An AI marketing tool is simply any platform or software that draws on AI to automate decisions based on your customer data, then analyses it and implements it according to your business goals and current market trends.

The goal of using such a tool is pretty much universal: anticipate the buyer’s next move—sometimes even before they know it themselves. This is all done in real time, and with no human supervision or intervention necessary. It’s this capacity to automate decisions at lightning speed that makes AI marketing tools formidable and game-changing. They crunch unimaginably large chunks of information from email, social media and the internet at large to bridge the gap between data and the actionable solutions you need to enhance your sales and marketing campaigns.

There are endless AI marketing tools to choose from, and it can feel overwhelming even trying to research them. So let me offer you a cheat sheet—the 5 finest AI marketing tools with which I’ve had firsthand experience of generating epic results for clients.

1) Flick


7-day free trial, then:

  • Solo: £11 a month
  • Pro: £24 a month
  • Agency: £55 a month

Standout features

  • Post scheduling
  • AI idea brainstorming
  • Autosuggested hashtags
  • On-brand AI caption writing
  • Hashtag Search and Manager

Flick AI Social Media Assistant is a powerful tool designed to help marketers streamline the brainstorming, writing, and planning of their social media content. And by virtue of its 7-day free trial, users can create engaging and entirely on-brand content more easily than ever.

With Flick you can ideate around distinct content concepts, arrange and schedule your posts with a single click, and turn lengthy pieces into bitesized nuggets ready for sharing. And with Flick’s autosuggested hashtags and Hashtag Search and Manager, you’ve got every base covered when it comes to effective content management and visibility enhancement.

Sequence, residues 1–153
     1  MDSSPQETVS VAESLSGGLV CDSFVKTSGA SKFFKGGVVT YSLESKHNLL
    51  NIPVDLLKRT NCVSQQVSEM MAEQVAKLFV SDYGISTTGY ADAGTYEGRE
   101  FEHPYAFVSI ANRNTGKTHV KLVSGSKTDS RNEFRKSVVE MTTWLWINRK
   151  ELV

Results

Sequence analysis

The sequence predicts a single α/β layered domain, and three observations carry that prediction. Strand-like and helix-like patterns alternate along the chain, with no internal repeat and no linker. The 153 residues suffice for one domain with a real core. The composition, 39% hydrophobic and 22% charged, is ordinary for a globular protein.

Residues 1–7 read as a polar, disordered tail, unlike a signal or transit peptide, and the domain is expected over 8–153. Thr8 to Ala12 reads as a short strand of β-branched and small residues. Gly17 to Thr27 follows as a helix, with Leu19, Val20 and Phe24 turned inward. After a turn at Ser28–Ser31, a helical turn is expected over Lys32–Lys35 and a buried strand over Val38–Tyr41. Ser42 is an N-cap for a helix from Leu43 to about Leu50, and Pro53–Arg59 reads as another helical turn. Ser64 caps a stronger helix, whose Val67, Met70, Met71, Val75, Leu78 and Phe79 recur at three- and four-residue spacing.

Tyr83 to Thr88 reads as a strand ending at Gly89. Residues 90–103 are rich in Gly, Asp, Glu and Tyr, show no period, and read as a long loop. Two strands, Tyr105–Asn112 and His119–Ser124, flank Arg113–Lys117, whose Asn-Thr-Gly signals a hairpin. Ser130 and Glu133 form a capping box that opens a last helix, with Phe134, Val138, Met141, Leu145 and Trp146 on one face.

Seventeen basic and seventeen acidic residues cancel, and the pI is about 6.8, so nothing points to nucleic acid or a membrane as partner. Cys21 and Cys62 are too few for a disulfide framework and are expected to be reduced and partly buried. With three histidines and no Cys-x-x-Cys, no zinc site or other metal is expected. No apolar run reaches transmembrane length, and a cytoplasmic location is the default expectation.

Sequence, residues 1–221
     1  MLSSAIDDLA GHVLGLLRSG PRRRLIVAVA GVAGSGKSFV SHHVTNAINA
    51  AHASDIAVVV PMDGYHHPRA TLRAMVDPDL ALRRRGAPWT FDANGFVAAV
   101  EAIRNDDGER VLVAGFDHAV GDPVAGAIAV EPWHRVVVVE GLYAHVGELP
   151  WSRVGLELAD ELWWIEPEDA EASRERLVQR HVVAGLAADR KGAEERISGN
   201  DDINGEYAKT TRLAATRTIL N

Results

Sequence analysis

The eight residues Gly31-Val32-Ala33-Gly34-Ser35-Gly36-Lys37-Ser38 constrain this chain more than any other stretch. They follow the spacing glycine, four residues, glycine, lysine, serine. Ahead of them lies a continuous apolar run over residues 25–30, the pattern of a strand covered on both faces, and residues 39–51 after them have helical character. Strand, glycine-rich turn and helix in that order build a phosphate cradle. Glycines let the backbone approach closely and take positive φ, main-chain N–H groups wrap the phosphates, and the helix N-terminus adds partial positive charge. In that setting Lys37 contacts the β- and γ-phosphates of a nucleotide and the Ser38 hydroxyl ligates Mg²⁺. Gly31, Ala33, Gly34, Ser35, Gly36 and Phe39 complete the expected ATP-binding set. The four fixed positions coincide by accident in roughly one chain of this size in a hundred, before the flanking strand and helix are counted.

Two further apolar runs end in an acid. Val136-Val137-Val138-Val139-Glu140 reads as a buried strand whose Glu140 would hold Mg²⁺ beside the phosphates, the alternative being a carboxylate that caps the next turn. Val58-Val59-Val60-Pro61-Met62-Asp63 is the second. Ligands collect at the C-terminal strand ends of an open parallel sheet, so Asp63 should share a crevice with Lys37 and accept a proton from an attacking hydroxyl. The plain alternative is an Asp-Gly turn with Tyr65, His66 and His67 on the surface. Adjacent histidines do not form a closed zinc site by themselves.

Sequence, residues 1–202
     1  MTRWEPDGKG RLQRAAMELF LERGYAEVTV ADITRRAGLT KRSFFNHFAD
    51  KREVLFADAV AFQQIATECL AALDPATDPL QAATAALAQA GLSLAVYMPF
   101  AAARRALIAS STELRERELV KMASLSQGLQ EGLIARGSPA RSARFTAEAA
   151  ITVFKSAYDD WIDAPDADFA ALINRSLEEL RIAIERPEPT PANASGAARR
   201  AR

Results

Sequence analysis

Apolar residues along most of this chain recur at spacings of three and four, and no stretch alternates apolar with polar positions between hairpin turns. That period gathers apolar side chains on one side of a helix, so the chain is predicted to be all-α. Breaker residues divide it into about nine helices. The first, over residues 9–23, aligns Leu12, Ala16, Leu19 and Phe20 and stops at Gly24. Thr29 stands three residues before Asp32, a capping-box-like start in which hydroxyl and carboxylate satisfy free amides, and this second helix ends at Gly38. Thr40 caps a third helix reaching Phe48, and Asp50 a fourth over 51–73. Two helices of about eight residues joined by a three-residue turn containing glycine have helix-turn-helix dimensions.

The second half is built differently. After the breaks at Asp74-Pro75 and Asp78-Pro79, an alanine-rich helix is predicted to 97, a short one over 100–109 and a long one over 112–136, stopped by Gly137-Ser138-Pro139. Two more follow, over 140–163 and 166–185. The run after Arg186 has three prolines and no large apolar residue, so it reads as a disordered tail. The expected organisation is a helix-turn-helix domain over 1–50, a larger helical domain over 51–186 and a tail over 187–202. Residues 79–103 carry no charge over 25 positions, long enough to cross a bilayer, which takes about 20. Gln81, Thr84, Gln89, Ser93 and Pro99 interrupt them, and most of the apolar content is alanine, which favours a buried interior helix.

Flick is simple to set up, and even offers 24/7 support. It’s trusted by over 100,000 brands, marketers and content creators worldwide, who love how the tool saves them time, boosts their results, and improves their social media presence.

2) Phrasee

Price: Custom quote

Standout features

  • Dynamic content
  • Predictive analytics
  • Engagement metrics
  • Content management

Phrasee’s focus is brand language optimisation—that is, enhancing the language companies use for their brands online. Phrasee utilises a natural language generation system and machine learning algorithm to produce copy not only for socials but also for email and even push notifications. The result? Human-sounding copy that’s both effective and on-brand.

Phrasee is already turning heads in major places, counting Virgin and Domino’s among its fast-expanding client base.

3) GrowthBar


  • Standard: $29 a month
  • Pro: $79 a month
  • Agency: $129 a month

Standout features

  • SEO
  • Meta generator
  • AI blogging tools
  • Paragraph generator